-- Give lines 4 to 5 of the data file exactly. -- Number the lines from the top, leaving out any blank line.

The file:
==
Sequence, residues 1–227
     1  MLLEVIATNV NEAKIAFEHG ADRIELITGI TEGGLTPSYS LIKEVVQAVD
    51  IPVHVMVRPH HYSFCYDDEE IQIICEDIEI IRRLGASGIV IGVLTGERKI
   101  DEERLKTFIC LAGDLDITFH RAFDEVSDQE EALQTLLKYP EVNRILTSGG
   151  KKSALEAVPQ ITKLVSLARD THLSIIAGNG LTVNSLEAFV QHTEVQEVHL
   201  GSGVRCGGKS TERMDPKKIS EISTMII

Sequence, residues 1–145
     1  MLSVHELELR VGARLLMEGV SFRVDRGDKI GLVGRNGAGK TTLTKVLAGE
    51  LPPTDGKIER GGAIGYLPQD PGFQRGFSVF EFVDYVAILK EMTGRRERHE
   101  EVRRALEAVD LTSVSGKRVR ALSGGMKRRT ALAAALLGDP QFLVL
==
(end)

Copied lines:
   101  DEERLKTFIC LAGDLDITFH RAFDEVSDQE EALQTLLKYP EVNRILTSGG
   151  KKSALEAVPQ ITKLVSLARD THLSIIAGNG LTVNSLEAFV QHTEVQEVHL